The Waterpocket Fold is a geologic landform that extends from southern Wayne through Garfield and ending in northern Kane counties of southern Utah, United States. The geologic structure is a south-southeast trending fold in which the east side is dropped relative to the west side. This monoclinal fold extends for nearly 100 miles (160 km) in the semi-arid plateau of the central part of the state. The structure defines the Capitol Reef National Park in southern Utah.
The feature can be observed in three scenic routes in the park. One route leads to a famous landmark known as the Golden Throne. The northern portion of the Waterpocket Fold lies north and east of the town of Fruita, three miles (4.8 km) west and just southeast of the Middle Desert. Utah State Route 24 crosses the fold east of Fruita and Notom Road runs south through Notom and runs parallel to the east (downdropped) side of the structure to its intersection with Utah State Route 276 just north of Lake Powell. The southern end of the structure extends to the Colorado River just southwest of Halls Crossing.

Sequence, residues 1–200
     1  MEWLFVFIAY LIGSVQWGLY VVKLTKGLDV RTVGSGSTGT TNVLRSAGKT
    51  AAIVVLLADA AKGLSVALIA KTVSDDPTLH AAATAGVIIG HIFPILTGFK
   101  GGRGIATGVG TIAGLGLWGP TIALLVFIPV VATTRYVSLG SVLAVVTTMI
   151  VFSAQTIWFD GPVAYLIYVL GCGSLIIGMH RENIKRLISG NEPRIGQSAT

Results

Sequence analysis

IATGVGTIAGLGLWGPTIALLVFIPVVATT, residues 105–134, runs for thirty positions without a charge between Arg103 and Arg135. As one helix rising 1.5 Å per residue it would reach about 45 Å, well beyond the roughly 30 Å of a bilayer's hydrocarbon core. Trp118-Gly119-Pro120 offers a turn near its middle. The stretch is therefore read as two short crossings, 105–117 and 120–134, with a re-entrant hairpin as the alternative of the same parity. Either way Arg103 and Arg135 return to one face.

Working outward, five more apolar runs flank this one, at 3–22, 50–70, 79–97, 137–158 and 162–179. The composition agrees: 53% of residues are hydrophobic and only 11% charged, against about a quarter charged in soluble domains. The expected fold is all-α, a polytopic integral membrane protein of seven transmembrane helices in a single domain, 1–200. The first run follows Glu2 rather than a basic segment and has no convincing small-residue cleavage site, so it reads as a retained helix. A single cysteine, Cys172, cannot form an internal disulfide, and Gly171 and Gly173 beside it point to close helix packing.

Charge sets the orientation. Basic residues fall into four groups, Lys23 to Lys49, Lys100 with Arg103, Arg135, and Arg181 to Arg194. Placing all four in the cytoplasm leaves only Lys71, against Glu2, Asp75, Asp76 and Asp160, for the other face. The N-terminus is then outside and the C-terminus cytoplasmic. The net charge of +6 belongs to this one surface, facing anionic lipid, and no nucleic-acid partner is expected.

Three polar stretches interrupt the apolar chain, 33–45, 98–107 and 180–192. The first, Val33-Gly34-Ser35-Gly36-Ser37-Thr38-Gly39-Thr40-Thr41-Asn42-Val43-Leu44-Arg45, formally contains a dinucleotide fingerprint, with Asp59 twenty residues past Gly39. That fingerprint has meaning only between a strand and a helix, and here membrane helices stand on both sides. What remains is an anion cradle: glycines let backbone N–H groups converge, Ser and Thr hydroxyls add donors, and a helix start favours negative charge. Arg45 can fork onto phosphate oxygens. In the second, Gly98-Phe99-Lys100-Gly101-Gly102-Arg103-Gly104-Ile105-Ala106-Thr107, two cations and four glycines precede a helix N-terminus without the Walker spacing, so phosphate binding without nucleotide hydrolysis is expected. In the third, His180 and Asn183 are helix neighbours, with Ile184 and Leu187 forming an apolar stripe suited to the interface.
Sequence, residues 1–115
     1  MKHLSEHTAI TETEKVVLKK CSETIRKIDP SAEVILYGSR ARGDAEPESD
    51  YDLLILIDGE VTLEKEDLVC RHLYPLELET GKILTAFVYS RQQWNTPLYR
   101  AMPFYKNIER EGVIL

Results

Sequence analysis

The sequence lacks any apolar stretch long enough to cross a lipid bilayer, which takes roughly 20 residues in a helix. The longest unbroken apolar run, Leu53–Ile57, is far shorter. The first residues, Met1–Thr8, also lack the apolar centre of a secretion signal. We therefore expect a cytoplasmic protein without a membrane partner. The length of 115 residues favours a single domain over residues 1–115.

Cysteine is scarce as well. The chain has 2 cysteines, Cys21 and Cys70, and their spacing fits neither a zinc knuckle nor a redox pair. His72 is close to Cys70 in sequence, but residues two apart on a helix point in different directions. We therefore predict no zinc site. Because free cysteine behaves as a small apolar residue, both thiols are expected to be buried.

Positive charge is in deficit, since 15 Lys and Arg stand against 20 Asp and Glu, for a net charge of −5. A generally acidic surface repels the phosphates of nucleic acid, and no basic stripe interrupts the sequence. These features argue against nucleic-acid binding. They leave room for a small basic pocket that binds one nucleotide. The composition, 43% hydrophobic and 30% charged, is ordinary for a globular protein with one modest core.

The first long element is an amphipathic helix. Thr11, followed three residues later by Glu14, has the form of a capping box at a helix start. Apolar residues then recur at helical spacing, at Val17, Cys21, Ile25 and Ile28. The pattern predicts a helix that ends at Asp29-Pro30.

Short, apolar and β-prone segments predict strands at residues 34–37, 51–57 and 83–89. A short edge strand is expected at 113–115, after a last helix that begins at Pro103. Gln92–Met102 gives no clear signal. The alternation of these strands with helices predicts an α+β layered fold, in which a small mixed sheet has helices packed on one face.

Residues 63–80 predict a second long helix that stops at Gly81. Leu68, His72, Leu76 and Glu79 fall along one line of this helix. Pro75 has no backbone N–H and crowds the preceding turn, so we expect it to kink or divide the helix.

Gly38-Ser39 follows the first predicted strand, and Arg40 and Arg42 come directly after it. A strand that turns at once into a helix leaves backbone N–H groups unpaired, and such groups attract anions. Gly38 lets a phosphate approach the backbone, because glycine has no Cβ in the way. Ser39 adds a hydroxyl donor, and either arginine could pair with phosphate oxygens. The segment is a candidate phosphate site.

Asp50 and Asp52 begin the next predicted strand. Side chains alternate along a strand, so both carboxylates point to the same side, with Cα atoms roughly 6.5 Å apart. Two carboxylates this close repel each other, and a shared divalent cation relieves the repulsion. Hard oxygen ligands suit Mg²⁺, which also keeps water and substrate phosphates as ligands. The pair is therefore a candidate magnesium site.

- Utah Atlas & Gazeteer, DeLorme, 9th ed., 2014, pp. 44, 52, 60-1 ISBN 0899332552
- National Park Service: Geology of Capital Reef
- U.S. Geological Survey Geographic Names Information System: Waterpocket Fold
- "Capitol Reef: Geology". National Park Service.
- Media related to Waterpocket Fold at Wikimedia Commons
- Photo gallery of the Fold
- Geologic Maps and Images of the Waterpocket Fold, Remote sensing tutorial at USGS
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